There are other partners on the program and some of them are, some of them are big and some of them have been around for a while.

And, and Packet Fabric is a little younger.

So interested to know like what, like what the origin story is and how, how you guys got started.

Sure. So, you know, I talked a little bit before about those, those three pillars that exist.

And one of the like fantastic things that has happened in the last, you know, 12 years about now is cloud computing, right?

You know, it's, it's been hot for a long time and it's allowed, it's allowed for us as in meaning humankind us to do all this sort of technological advancement at a super rapid pace, right?

Because we're not racking and stacking servers and carefully plugging them in and sitting there with a CD and formatting them anymore.

We're, you know, we're clicking a button to spin up a new server and then we're developing our app on it, right?

Like we don't have to devote the brain share and the time anymore to doing that.

And there was this whole problem, right?

Because if you look at storage, compute and network as the three pillars of, of infrastructure that all of our technology is based on, right?

The whole enablers to do all this cool stuff, like, you know, massive gene sequencing and looking at, you know, what genomes, what cancer genomes look like and, and going through, you know, what could be possible cures and things.

That's all based on those three pillars.

And we did a really good job of making compute and storage easy to use.

And then the network lag really far behind and it was still horribly difficult to set up any sort of connectivity between different buildings or cloud providers and other buildings, or even between cloud providers, right?

All these things were horribly difficult.

And so there was a huge opportunity there to come in and make it better.

Okay. So you still saw, still saw space basically in the network, like it was far behind the more competitive storage and compute.

And there was still plenty of space for innovation.

And since then, it looks like you've been growing really fast, raising lots of money.

And we'll talk a little bit later about how you're spending it as well.

Cool. Okay, that's helpful. So I'm gonna share a little bit now.

I'm gonna share my screen and we're gonna just sort of share a little bit of how, I guess, our two companies came to be in partnership.

And so we, we talked about this, but we're going to come back to the, we're going to come back to the Packet Fabric story.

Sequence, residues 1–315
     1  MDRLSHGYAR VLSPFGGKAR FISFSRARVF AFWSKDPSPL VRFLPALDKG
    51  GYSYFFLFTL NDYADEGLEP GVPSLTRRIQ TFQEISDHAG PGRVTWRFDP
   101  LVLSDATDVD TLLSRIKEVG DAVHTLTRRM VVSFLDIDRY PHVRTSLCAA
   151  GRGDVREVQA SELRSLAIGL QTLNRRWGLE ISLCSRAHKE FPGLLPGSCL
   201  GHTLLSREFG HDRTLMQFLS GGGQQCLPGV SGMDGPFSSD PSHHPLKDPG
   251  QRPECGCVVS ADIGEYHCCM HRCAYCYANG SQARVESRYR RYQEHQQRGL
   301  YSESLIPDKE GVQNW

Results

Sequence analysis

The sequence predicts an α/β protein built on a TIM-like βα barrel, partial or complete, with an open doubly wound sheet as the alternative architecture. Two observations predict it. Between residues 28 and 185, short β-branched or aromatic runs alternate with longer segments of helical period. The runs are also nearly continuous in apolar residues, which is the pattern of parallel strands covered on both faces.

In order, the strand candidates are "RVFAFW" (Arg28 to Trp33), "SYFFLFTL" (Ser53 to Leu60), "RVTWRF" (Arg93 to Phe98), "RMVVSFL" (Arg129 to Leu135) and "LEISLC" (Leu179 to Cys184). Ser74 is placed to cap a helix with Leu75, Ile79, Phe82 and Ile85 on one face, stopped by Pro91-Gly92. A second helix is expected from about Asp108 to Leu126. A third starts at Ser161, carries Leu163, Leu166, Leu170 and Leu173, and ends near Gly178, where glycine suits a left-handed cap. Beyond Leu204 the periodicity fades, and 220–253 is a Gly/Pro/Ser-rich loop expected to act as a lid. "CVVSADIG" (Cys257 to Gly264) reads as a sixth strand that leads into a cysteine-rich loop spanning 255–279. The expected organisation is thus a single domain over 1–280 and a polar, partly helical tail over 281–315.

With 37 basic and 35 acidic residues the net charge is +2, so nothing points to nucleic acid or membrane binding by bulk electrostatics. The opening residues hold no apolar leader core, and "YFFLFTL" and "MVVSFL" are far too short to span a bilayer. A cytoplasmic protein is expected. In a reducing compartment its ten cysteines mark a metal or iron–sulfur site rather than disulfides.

What I want to go to is Magic Transit, because this is a big part of the story of how Cloudflare and Packet Fabric got talking.

And this is a fun slide.

When we introduced Magic Transit, the original Internet, things, things have changed.

And anyone who's sort of seen Cloudflare presentations will be familiar with this.

So we run a very large network, 200 cities, 100 plus countries.

It's one of the most interconnected networks in the world.

And as within 99 seconds of the, sorry, 99%, it is within 100 milliseconds of 99% of the world's Internet connected population in the developed world.

There you go.

So we are about 10 years old and became, I guess, really big and known for CDN and DDoS, and particularly the fact that we had a free offering.

And that's how we grew quickly in the early days and ended up with 26 million websites or so on us now.

And always use that data to improve our products and to get insights about the Internet and to learn about threats.

And that's why some of our security products are so innovative that we see so much traffic that we're able to identify sort of threats before others.

And so during the course of that time, a couple of things happened.

We did occasionally have particularly large customers come and say, hey, you know, you're populating your cache from my origin, and that's currently over the Internet.

And I don't like that. I want to hide my origins completely.

And, you know, what can you do for me? And, you know, the first few times that happened, a sales guy came along with a big enough check to the network team is like, make this happen.

And so they scrambled and came up with some way to do sort of PNI.

So private network interconnect between, you know, CloudFlows edge and, you know, our customers infrastructure.

And that happened a few times.

And then as we went further and further up market, and we sold to bigger and bigger customers, and if anyone saw our earnings call recently, that's our fastest growing segment is customers spending over $100,000.

And so, you know, that sort of demand for security performance reliability, it's only going up.

But another thing that happened during that time was customers said, okay, you protect my websites, my HTTP traffic.

And then with the spectrum product, you protect like my TCP and UDP applications, but I want you to protect my whole IP space.